Morna Handful performed a burlesque cortège, pacing the stage in dark glasses, a Victorian top hat, and a mourner’s cape that she tore off to reveal a steampunk-inspired Tinkerbell ensemble underneath complete with a set of wings and lantern. Inspired by Charm City’s lawn icon, Dolly Longlegs donned hot pink feather boas and a prominent flamingo beak. Ruby Spruce put her own spin on tassel twirling, donning a floor-length green velvet curtain complete with a rod and gold trim and tassels. Buxom rock-n’-roll themed performer Bambi Galore shocked the audience by lighting her nipple tassels on ablaze on stage.
The question neo-burlesque inevitably raises is whether this form of performance is feminist, or merely just a glorified version of stripping that promotes female objectification. Don’t Knock the Block was an environment of acceptance, where body types of all shapes and sizes, most of which would not be typically classified as beautiful, were accepted. While watching women undress publicly for the sake of the audience was uncomfortable at first, it quickly became empowering to see women who were confident enough with their bodies—despite their flaws, wrinkles, stretch marks, and signs of age—to celebrate them.
Don’t Knock the Block was not only applauded the diversity of body types but also gender bending burlesque. One of the best acts was drag queen dancer Betty O’Hellno’s rendition of Lana Del Rey’s “Summertime Sadness,” reworked as a tribute to her dead cat. Sulking around stage in a blonde curled wig, sunglasses, black painted tears, and a red ruffled robe, Betty lip-synched as she opened a hatbox to reveal a black cat, presumably her deceased pet to which she was singing. In a dramatic finale, she threw off her sunglasses and corset to reveal furry white kitty pasties and matching underwear.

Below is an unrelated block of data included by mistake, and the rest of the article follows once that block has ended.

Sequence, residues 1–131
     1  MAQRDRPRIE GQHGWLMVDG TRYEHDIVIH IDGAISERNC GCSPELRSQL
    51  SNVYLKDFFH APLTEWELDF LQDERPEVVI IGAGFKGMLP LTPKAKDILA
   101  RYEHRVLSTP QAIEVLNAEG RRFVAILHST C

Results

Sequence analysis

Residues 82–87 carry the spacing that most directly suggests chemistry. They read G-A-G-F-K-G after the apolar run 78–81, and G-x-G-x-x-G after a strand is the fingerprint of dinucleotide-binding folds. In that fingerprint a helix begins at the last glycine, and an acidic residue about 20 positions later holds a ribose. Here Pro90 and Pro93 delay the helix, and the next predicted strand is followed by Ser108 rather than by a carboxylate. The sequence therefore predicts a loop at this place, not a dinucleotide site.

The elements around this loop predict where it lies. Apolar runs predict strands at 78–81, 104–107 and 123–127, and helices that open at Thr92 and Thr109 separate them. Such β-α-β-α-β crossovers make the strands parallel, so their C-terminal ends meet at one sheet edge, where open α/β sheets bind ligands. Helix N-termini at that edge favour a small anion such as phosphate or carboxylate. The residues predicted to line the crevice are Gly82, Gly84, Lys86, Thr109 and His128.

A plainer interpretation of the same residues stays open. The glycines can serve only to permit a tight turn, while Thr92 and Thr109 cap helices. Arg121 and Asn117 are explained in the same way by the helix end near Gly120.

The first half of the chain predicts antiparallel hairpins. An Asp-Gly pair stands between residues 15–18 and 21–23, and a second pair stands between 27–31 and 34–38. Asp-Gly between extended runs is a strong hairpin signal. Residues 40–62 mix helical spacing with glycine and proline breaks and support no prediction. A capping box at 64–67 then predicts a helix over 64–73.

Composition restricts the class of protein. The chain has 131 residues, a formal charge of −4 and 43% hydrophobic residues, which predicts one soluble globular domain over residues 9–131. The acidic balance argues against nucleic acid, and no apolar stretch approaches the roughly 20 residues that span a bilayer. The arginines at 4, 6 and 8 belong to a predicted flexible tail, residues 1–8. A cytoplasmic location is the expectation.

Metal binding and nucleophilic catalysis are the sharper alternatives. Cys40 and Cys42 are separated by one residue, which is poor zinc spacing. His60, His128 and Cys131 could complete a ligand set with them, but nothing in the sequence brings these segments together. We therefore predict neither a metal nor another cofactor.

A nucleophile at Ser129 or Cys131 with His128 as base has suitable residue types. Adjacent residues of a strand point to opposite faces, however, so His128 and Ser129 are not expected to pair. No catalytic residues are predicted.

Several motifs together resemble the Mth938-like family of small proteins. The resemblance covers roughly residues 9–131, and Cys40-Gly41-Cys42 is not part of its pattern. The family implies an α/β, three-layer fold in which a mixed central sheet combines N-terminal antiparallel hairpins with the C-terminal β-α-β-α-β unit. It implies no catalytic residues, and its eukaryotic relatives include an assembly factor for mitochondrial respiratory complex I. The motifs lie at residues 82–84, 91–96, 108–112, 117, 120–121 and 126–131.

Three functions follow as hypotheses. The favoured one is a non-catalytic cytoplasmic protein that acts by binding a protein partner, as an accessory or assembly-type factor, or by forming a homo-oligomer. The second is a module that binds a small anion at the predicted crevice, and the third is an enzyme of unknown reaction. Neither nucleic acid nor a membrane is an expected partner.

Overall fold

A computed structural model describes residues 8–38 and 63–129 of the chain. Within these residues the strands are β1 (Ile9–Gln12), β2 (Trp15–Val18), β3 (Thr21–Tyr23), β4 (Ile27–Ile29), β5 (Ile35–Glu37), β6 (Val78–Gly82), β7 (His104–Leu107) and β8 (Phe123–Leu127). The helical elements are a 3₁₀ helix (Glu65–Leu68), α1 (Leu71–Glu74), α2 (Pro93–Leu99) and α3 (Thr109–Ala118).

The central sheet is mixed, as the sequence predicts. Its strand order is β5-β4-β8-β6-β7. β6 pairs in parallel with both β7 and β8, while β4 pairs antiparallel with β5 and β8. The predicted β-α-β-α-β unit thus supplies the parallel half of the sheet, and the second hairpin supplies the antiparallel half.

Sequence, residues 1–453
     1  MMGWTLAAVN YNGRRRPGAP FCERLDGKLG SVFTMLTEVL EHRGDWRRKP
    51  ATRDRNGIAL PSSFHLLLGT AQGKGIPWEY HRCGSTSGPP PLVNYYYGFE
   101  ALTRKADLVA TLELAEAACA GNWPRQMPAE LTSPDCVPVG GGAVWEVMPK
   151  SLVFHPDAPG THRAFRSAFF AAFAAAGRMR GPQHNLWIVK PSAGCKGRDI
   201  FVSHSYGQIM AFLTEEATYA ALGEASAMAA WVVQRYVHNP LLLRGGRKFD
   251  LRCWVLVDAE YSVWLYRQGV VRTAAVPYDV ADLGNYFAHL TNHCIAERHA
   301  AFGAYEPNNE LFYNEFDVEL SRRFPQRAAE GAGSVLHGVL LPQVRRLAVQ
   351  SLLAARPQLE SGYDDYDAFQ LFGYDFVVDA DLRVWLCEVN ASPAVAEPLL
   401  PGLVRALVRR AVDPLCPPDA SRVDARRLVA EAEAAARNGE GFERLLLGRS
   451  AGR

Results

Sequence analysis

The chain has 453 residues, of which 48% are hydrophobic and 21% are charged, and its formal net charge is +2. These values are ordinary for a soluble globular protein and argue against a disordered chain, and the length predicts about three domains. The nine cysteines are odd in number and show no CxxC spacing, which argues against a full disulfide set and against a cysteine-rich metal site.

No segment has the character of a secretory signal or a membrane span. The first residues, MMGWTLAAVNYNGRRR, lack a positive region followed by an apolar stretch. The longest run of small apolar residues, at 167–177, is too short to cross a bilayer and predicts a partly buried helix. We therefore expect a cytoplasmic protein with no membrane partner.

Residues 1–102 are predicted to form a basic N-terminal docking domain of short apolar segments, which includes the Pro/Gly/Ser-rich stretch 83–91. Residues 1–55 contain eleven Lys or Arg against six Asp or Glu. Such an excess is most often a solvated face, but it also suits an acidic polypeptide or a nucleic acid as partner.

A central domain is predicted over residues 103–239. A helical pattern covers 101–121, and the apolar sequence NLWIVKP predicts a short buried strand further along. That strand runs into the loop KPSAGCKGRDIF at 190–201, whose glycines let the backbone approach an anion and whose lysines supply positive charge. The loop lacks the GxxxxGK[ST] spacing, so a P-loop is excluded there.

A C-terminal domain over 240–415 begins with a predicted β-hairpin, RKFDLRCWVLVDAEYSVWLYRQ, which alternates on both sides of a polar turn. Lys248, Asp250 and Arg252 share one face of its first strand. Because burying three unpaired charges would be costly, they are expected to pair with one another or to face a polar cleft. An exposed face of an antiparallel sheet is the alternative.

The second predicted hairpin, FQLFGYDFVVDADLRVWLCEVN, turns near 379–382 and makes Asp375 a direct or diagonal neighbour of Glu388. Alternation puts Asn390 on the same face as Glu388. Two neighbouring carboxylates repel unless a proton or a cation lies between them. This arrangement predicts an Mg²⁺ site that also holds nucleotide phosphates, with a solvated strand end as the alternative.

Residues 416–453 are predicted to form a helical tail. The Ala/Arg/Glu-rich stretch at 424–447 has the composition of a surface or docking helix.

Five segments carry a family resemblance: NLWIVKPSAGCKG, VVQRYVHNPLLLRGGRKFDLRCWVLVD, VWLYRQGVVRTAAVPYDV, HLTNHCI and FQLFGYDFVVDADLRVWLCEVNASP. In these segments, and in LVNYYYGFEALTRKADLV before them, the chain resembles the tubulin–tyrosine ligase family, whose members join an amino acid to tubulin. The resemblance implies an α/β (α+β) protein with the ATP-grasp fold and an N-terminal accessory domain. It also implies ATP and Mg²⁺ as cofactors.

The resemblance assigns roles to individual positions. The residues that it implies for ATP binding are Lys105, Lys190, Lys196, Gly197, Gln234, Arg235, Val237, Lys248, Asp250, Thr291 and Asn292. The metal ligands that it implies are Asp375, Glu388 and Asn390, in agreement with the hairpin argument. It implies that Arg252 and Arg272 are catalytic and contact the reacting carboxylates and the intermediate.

Another notable act was comedian Jordan Gray, who entertained audiences with stories of her experiences as an African American transgender woman in Baltimore, and her previous life as a black male. Overall, the event was not a lurid display of women taking their clothes off for the audience’s enjoyment, but rather one that promoted an inclusive view of women—whether sex female or not—and their choice methods of self-expression.
Don’t Knock the Block presented audiences with a fresh, modern take on burlesque that proved that women and men of all ages can be proud about their bodies without being too serious.
For upcoming Bawdy Shop Burlesque productions and news, please visit the troupe’s website.
Photographs curtsey of Sean Scheidt
Madeline Wheeler is a Baltimore-based writer from San Francisco enamored with ALLOVERSTREET and art documentaries. When she is not secluded to her apartment writing, she can be found dancing at The Crown or finding the latest pho place.